FRANKFORT — A bill that would give $4.7 million to the state's public defenders and an additional $4.7 million to the state's prosecutors this fiscal year was passed by the House Tuesday, but not without more than an hour-long debate.
Without the funds, the Department of Public Advocacy has warned it will run out of money by the end of April and can't fulfill its constitutional obligation to represent poor criminal defendants.
House Bill 433, deemed a "clean-up" measure to correct problems in a budget bill that both chambers passed last month, also contained a list of new projects that many members said didn't belong in the bill.
Others expressed frustration that only a select group of projects made it into the clean-up bill and called for more transparency in the budget process.
The proposal, which passed 77-18, included money for an airport expansion at the Providence-Webster County Airport, money for Morehead State University's Breathitt Veterinary Clinic and bond money for five new school buildings.
Rep. Brad Montell, R-Shelbyville, said he understood why the Department of Public Advocacy needed more money, but said it would be unfair to not also offer funds to the sate's prosecutors, which have resorted to furloughs to reduce costs.
Montell sponsored a successful amendment that would give $4.7 million to the state's prosecutors — roughly half to the commonwealth's attorneys and half to the county attorneys.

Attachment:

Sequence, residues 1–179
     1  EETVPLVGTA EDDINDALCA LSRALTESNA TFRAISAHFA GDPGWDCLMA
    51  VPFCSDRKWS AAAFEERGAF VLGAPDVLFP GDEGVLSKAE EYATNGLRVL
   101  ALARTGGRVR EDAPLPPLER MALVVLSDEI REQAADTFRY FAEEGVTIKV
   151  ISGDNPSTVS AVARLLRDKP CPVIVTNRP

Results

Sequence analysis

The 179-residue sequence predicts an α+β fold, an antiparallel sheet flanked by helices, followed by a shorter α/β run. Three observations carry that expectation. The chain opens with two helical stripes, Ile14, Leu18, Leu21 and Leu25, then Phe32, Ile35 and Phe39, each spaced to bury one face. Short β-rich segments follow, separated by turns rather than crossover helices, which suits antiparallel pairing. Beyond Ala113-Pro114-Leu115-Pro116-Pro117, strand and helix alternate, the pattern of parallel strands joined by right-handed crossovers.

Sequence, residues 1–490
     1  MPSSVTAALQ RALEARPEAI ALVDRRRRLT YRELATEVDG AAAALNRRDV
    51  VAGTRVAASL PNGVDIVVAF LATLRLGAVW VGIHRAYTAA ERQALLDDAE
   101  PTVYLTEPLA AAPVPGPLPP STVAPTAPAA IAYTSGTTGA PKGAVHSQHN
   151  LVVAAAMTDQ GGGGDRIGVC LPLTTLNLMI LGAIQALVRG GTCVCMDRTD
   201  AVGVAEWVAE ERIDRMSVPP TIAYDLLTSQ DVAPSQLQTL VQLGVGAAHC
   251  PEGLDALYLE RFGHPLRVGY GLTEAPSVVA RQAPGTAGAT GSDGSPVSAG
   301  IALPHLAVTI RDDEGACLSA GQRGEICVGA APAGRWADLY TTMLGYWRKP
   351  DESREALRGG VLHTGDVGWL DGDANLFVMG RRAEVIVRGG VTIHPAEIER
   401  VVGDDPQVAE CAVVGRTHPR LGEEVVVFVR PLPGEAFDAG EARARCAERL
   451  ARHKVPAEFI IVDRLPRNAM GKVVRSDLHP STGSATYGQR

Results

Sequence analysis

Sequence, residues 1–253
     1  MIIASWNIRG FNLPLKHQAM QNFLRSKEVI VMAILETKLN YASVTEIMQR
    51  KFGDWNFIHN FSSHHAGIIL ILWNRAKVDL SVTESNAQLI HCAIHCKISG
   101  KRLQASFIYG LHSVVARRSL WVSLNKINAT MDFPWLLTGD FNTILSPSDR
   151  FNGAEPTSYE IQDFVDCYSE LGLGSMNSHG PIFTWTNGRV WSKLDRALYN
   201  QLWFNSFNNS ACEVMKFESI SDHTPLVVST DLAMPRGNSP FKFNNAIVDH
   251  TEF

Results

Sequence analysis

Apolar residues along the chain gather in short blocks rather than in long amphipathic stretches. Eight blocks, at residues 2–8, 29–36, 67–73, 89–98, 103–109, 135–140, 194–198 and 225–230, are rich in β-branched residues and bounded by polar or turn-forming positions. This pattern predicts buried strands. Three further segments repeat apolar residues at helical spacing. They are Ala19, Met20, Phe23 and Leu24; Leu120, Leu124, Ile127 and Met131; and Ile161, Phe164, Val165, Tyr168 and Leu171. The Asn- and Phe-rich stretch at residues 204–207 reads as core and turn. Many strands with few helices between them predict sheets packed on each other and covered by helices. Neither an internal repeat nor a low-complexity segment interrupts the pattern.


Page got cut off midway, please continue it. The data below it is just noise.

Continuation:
Much of the debate on the House floor on Tuesday centered on a small provision in the bill concerning funding for school projects — approximately $4 million to $6 million in bond money.
The money could be used to build new schools in some of the poorest areas of the state with the most need, but many representatives expressed dismay that their schools were not included in the list.
Others said they could not vote for the bill because it had become a "pork bill" that was loaded with previously undisclosed projects.
Rep. Jimmie Lee, D-Elizabethtown, said if he knew HB 433 was going to be a "project bill," he would have sponsored an amendment to have money restored to all key social service programs that have been cut or eliminated.
House Speaker Greg Stumbo, D-Prestonsburg, said after Tuesday's debate that he thinks House leaders have been transparent in their dealings with members.
"We're making everything public," Stumbo said. "You saw a good public debate today. The only thing that we are doing differently is that we are trying to be more fair."